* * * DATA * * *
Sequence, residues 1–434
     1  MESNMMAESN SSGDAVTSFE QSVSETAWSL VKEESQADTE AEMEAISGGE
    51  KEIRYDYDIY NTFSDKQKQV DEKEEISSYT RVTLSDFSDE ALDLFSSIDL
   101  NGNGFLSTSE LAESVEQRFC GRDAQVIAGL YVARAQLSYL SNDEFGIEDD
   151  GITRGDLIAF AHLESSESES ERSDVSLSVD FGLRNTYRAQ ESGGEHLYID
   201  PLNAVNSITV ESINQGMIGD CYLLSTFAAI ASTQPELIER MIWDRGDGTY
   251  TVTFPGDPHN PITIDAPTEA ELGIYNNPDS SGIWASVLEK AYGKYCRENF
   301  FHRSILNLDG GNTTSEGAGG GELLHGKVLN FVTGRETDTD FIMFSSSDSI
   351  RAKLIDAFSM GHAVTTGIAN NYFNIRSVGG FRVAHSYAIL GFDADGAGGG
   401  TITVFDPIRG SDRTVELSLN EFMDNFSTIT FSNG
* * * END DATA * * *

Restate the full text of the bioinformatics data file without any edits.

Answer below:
Sequence, residues 1–434
     1  MESNMMAESN SSGDAVTSFE QSVSETAWSL VKEESQADTE AEMEAISGGE
    51  KEIRYDYDIY NTFSDKQKQV DEKEEISSYT RVTLSDFSDE ALDLFSSIDL
   101  NGNGFLSTSE LAESVEQRFC GRDAQVIAGL YVARAQLSYL SNDEFGIEDD
   151  GITRGDLIAF AHLESSESES ERSDVSLSVD FGLRNTYRAQ ESGGEHLYID
   201  PLNAVNSITV ESINQGMIGD CYLLSTFAAI ASTQPELIER MIWDRGDGTY
   251  TVTFPGDPHN PITIDAPTEA ELGIYNNPDS SGIWASVLEK AYGKYCRENF
   301  FHRSILNLDG GNTTSEGAGG GELLHGKVLN FVTGRETDTD FIMFSSSDSI
   351  RAKLIDAFSM GHAVTTGIAN NYFNIRSVGG FRVAHSYAIL GFDADGAGGG
   401  TITVFDPIRG SDRTVELSLN EFMDNFSTIT FSNG